Traditions and holidays are important wherever you are and know no boundaries. This holds true for the four of us students working here in Ethiopia. As July 4, neared we thought of the best ways to celebrate this holiday while abroad. Through Ethiopia was doesn’t officially have an Independence Day as we do in the states, they celebrate Adwa Victory in February. This is in memory of the Battle of Adwa, when they freed Ethiopia from Italian colonization.
We were in luck when we found our local convenient store ( a very small one room store with items on all the walls and one very small row of cookies, cereals and juices) at the end of our street had fireworks and sparklers. We purchased a few to celebrate and help make it feel like home.
We decided to try to find something very American for dinner and since our luck with cheeseburgers wasn’t going to well, and hot dogs aren’t common, we all agreed pizza was our best option. We celebrated our Fourth of July as best we could with pizza and fireworks. It wasn’t a traditional picnic cookout with the family and ending the evening with fireworks however it came pretty close.
We have all become close here like family, and our pizza and sparklers were just as much fun as a picnic and fireworks. All in all it was a successful Fourth of July celebration here halfway across the world.
By Ally Sterman
Student, Ohio State College of Veterinary Medicine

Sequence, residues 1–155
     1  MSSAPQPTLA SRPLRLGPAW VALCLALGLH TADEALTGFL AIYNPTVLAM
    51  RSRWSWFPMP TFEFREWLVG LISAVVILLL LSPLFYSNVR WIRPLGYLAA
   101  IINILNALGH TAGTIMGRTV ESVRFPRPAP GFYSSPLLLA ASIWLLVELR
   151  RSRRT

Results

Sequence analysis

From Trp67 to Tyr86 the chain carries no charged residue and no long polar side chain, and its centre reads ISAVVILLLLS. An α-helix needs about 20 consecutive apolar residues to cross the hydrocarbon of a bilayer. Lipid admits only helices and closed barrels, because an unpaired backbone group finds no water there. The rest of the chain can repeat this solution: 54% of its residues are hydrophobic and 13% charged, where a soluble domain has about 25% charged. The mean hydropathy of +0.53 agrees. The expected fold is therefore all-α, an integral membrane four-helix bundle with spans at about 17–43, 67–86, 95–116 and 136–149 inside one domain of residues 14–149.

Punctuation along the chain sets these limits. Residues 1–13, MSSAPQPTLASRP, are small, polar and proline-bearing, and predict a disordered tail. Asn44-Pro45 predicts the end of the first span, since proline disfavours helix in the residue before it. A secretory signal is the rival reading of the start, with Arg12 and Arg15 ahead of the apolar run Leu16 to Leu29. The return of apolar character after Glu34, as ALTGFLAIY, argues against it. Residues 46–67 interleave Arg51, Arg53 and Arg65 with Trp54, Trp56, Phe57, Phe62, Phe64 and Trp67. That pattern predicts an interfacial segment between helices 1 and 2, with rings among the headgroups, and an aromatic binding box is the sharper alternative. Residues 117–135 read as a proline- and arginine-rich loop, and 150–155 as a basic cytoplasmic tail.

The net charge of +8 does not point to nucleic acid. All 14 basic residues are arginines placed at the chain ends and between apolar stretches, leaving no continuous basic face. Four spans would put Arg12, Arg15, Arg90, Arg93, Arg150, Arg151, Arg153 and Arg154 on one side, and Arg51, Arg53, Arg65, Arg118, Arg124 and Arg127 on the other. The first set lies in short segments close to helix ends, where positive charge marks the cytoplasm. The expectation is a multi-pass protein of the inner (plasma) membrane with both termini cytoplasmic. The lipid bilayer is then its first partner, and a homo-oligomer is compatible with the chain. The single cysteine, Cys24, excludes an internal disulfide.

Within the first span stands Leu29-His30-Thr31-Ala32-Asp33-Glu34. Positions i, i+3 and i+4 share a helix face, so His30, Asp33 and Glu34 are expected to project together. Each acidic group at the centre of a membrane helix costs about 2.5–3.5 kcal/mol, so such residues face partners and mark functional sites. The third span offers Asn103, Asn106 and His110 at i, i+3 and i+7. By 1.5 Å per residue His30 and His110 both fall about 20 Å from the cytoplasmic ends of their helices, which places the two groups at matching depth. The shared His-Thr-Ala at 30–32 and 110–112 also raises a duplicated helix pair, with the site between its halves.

With the start of the both the new week and new month our Ethiopia summer project really begins. Though we four students from various colleges at Ohio State arrived near the end of last week in Ethiopia, we did not begin our field work until July 1.
Our project takes us into both the rural and urban communities interviewing local adults, children, policy makers, community and faith leaders, as well as health care workers about rabies and dogs. We are set to travel around to three different areas before a workshop is held in Addis Ababa to discuss rabies further in mid-July.
However we do not go out alone. Each Ohio State student has two wonderful Ethiopian University of Gondar partners. These individuals are primarily faculty and staff at the university from a variety of fields/disciplines. They not only serve as interpreters for our project but tour guides of the city and historians for Ethiopia’s culture/traditions/history. They are quickly becoming lifelong and treasured friends. I know I can speak for all of the students about how grateful and appreciative we are for their help and how much fun/enjoyable they are making this experience.
The picture below was taken before one of the interviews conducted by my group. My group’s main focus is community leaders which include teachers, faith leaders, elders, and other various leaders in both the rural and urban settings. This picture was taken of one of the churches we travelled to in the city of Gondar where we had the opportunity to meet and talk to the priests about rabies and the dog population here in the city.